• Case ref:
    201608133
  • Date:
    October 2017
  • Body:
    Orkney Islands Council
  • Sector(s):
    Local Government
  • Subject:
    applications, allocations, transfers & exchanges
  • Outcome:
    Not upheld, no recommendations

Summary

Mrs C, who has multiple sclerosis (MS) and cognitive/mental health difficulties, said that the council failed to take these matters into account when dealing with her housing transfer. She said that as a consequence, she felt pressured and suffered a breakdown. She said she felt that she was camping in her new home which was unsuitable. She further complained that she was held responsible for repairs to her former home, which was unreasonable.

In response to her complaint, the council said that they had acted in terms of Mrs C's request for single storey accommodation which was suitable for wheelchair access, but that in the 12 years of her being a council tenant prior to her visit to their offices, they had been unaware that she had any medical needs. It was at this time that Mrs C advised of her MS. However, she made no mention of other illnesses or problem for which she required support. Mrs C was subsequently allocated new, ground floor accommodation which she accepted, and shortly afterwards made an application for support mentioning her cognitive and memory problems. Two support staff were allocated to her and worked with her for over a year. They made over 60 visits and she was also helped with her rent. While Mrs C qualified for a removal grant, the council said that this was reduced to take into account repair costs required to put her former home into a lettable condition.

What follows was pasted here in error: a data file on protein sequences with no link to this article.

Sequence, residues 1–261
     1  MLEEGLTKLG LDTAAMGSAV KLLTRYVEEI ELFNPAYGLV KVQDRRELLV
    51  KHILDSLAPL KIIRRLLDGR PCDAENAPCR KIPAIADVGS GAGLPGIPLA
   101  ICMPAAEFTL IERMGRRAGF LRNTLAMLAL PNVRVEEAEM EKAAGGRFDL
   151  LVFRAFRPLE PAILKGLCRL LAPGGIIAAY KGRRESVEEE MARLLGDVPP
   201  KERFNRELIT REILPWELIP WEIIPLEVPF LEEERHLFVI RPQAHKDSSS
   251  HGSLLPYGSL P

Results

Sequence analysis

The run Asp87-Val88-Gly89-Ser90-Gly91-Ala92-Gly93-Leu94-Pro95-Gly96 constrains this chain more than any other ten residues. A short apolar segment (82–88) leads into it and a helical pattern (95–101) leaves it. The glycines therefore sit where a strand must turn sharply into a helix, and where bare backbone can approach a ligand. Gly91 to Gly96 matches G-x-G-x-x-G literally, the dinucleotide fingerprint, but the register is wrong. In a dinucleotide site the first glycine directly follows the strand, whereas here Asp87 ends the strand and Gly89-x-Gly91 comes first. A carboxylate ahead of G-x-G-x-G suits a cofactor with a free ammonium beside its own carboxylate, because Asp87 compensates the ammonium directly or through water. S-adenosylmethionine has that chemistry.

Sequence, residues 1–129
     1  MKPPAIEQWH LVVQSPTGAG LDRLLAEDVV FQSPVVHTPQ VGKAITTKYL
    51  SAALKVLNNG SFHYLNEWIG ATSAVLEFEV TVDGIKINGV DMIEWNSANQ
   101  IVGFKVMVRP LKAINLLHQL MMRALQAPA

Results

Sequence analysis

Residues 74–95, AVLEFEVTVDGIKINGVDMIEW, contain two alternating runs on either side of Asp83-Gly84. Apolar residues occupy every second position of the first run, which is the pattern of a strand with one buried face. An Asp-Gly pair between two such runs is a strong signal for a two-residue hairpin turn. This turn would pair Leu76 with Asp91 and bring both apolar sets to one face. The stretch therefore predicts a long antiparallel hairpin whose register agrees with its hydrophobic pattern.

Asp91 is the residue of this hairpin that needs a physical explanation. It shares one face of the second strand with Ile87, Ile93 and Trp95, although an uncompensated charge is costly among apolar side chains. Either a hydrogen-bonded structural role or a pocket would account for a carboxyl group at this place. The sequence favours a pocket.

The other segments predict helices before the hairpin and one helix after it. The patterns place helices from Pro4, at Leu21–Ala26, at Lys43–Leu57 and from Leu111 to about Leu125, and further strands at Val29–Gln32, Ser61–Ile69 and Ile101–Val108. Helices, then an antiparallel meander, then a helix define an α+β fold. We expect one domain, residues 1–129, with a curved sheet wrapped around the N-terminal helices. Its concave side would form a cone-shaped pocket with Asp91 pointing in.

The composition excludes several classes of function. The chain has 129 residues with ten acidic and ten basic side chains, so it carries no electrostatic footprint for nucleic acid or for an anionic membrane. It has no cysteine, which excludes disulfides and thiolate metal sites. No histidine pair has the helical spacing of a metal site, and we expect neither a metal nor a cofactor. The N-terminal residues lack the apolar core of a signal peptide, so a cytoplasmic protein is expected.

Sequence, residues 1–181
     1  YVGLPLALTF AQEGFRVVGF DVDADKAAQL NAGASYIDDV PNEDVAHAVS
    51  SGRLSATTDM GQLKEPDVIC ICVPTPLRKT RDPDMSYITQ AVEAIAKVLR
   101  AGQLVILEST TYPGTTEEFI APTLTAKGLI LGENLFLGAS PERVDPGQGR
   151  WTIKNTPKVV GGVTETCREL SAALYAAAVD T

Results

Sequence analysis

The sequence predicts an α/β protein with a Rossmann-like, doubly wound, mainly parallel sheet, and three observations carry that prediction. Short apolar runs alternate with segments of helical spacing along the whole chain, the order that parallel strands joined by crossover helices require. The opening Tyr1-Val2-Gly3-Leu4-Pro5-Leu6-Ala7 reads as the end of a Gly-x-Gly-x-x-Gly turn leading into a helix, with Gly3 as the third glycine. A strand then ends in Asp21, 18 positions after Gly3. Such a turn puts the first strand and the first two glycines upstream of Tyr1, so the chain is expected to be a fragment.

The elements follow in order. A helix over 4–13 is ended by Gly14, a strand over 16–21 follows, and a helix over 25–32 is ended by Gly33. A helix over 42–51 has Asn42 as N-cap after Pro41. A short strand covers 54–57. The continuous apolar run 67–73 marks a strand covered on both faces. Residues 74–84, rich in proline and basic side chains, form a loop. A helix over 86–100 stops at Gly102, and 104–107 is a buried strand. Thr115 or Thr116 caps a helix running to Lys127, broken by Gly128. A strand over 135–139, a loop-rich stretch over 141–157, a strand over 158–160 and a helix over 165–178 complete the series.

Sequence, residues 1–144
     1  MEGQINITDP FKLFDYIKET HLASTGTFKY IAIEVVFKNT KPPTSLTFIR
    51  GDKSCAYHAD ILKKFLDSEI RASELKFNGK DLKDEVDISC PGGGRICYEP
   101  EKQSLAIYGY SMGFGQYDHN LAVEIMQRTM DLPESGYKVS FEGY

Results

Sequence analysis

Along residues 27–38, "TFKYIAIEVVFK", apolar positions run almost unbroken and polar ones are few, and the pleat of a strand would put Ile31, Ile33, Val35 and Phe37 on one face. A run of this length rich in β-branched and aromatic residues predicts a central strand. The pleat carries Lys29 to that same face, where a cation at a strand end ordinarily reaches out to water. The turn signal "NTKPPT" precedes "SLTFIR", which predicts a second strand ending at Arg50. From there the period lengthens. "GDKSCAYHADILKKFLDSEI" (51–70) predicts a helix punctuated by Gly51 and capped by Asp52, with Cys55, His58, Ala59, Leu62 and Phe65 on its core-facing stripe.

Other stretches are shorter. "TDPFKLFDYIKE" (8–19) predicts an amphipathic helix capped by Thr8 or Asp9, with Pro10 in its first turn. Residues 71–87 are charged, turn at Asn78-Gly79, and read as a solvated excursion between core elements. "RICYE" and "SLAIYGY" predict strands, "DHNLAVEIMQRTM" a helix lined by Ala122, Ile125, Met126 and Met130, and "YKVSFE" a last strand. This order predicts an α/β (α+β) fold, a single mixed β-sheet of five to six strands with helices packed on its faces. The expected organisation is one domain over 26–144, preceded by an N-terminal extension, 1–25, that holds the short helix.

We made further enquiries of the council and found that after Mrs C first advised the council of her request to move, she attended their offices ten months later to confirm her request. The application form she completed indicated that she had MS but no further need for support. It was only after she accepted the offer made to her that Mrs C revealed the extent of her illnesses and her associated needs. Support officers were allocated to help her for an extended period of time and there was no evidence that she had been put under pressure to accept the offer made to her or to rush her move. We also found that on leaving her former home repairs had been outstanding, the costs of which had been deducted from her removal grant in accordance with existing council policy. Mrs C's complaint was not upheld.